Mark Pegg

The Jew as a Christian heretic was the precursor to antisemitism

The Middle Ages’ concept of heresy marks the start of the idea that Jews must be expunged as a cancer on Christendom

September 21, 2023 11:07

"Listen, all you peoples, to the shame and the disgrace which these Jews committed on our Saviour Jesus, in that, for no crime of his, they afflicted him and killed him and hanged him and tortured him,” declaimed the Dominican friar Paul Chrétien to a large audience of Christians and Jews near the university of Paris in 1273. He had once been Jewish himself (known then as Saul of Montpellier) but now, with all the savage zealotry of an apostate, he pointed at the rabbis debating with him and yelled, “They deserve to be killed, just as they killed him.”

He quoted from the Mishnah, the Talmud, halacha (rabbinic law), and haggadot (rabbinic lore) to show that the Jews had always known that Christ was the Messiah. “I wish to prove to you,” he said to the rabbis with sadistic reasonableness, “that you are without a faith, a people called Bougres — heretics worthy of being burned.”

Everyone listening knew that Bougres was just another name for the Albigensians, the supposed heretics massacred in the tens of thousands by northern French crusaders during the notorious Albigensian crusade in southern France from 1209-1229.

Rabbi Abraham ben Samuel refuted Paul Chrétien’s arguments with learning and wit, winning over the crowd, but once the latter invoked the crucifixion he was, according to an anonymous Jewish chronicler, “very much afraid to speak of the slaying of Jesus because this revealed his adversary’s resolve to exterminate all of the Jews”.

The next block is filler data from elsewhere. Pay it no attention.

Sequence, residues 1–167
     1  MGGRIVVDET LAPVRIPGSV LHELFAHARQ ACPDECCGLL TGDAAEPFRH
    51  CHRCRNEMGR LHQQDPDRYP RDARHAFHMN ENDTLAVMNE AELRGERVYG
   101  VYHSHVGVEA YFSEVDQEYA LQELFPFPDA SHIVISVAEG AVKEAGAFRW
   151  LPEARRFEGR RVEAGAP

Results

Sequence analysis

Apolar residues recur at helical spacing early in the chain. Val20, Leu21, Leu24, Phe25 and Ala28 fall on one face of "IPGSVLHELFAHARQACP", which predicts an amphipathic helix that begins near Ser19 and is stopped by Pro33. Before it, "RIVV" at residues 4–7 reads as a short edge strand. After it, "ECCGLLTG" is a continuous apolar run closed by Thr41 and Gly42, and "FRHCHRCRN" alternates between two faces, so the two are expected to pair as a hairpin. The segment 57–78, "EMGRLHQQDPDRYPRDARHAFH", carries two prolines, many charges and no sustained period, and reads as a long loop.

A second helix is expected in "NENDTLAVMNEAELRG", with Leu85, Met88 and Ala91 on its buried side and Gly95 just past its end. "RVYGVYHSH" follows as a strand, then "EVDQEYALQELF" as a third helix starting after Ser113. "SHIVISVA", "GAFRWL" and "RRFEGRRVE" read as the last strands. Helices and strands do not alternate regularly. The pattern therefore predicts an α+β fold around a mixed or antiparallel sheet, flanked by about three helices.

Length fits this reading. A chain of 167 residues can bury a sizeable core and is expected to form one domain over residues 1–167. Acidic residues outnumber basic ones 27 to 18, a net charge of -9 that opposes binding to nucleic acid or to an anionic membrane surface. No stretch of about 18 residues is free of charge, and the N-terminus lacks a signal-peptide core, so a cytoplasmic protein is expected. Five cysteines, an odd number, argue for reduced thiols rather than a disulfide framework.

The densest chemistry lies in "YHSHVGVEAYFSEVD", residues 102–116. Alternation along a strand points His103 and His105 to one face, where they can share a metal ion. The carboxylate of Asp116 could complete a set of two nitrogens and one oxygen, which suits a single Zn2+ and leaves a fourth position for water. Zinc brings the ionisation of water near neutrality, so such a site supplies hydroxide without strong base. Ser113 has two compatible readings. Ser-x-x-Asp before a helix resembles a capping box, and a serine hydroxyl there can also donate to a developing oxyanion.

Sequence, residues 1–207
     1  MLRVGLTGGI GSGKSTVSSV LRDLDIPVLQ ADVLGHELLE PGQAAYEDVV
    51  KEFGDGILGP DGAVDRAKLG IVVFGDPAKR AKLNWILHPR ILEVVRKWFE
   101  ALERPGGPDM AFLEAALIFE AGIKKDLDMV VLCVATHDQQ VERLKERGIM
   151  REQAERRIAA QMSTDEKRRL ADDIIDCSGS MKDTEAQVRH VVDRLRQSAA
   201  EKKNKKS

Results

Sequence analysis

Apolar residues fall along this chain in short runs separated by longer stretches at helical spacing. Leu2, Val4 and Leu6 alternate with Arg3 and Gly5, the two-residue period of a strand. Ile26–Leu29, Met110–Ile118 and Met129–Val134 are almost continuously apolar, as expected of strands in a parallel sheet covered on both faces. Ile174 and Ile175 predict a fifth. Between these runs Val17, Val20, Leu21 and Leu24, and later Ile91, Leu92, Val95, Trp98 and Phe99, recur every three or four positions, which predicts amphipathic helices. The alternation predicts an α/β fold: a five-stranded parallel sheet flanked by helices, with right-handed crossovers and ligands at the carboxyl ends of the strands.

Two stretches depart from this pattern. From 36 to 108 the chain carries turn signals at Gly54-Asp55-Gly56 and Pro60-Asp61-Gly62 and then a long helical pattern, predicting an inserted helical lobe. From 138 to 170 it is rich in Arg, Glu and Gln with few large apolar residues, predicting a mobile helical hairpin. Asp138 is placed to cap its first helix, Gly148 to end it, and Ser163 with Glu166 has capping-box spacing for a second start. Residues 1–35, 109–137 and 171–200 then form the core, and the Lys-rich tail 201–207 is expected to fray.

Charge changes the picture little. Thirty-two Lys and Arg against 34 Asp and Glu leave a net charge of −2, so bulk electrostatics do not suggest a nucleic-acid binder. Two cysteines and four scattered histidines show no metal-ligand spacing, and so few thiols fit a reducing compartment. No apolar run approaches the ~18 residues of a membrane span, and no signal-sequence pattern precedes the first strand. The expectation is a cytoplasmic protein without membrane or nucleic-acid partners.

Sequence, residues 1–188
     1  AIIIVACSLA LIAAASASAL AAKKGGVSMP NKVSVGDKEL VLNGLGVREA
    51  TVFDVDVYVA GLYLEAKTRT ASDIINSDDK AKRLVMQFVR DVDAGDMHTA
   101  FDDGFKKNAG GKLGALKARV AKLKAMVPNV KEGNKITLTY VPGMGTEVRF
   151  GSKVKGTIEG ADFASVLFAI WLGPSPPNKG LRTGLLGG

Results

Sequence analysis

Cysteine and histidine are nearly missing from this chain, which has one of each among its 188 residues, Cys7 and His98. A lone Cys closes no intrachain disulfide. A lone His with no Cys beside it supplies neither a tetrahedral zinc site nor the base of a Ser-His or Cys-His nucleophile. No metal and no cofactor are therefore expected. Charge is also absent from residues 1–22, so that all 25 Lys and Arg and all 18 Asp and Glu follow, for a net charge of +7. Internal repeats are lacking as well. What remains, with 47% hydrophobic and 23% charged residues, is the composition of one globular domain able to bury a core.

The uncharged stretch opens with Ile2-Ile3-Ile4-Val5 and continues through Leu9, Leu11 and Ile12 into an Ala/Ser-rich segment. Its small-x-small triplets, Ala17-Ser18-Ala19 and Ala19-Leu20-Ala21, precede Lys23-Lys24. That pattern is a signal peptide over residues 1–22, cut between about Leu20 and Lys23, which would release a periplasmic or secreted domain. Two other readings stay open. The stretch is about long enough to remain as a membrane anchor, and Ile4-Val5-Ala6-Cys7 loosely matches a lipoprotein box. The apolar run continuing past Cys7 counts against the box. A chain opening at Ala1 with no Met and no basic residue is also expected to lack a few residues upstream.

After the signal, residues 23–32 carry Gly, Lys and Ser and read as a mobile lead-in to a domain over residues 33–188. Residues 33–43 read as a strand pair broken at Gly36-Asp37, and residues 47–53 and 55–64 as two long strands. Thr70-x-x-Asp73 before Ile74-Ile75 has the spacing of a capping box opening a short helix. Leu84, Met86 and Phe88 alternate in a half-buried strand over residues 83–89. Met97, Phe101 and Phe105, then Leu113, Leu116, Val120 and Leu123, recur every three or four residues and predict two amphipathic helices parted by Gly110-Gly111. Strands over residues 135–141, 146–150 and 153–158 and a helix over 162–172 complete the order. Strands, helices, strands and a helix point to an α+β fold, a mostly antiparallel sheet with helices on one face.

And so the debate abruptly ended, everyone quickly dispersing, although cruelty and fear lingered awhile longer on the Left Bank.

Three decades earlier, and not too far away from where Paul Chrétien and Abraham ben Samuel would eventually debate, 24 cartloads of the Talmud were incinerated as books of heresy in a great bonfire in Paris in 1242. Once again, another Jewish convert to Christianity, Nicholas Donin, led the attack. He accused his former co-religionists of deliberately elevating the Talmud over the Bible as a way of avoiding acknowledging that they were and should be Christians.

Rabbi Meir ben Baruch of Rothenburg, who witnessed the burning of the holy books as a student in Paris, later lamented in a poem:

How were you given over to a consuming fire?
How were you devoured by man-made flames and the oppressors not scathed by your coals?

Thirteenth-century Christians (newly converted or not) accusing Jews of being heretics was a consequence of the belief in Latin (or Western) Christendom that Jews, far from having a different religion, were essentially Christians and so, in their refusal to acknowledge this reality about themselves, were heretics.

These accusations were a consequence of the belief among medieval Christian intellectuals that Christendom encompassed all time and space and so anyone who had ever lived and would live had the revelation of Christ and so was Christian whether they realised it or not. A person not accepting this understanding of the universe and themselves within it was a heretic. Jews in particular, but also Muslims and even the Mongols, were accused by popes and kings of being heretics.

This all-encompassing vision of Christendom was most powerfully articulated by Pope Innocent III around 1200. It was most artfully encapsulated in Dante Alighieri’s Divine Comedy a century later.

This vision was connected to a new sense of what it meant to be human that had been developing in the West since 1100. An individual life was now assumed to move forward through time in a series of interconnected events, actions and thoughts. The crawling child inescapably led to the elderly adult. This initially resulted in an explosion of men and women writing autobiographies for the first time in seven centuries.

By 1215, all Christian men, women and children were required to confess once a year to a priest. They were required to talk about themselves as if what they did and thought in the past was intimately connected to what they were thinking and doing in the present and what they would go on to think and do in the future. This new confessional culture defined the late Middle Ages.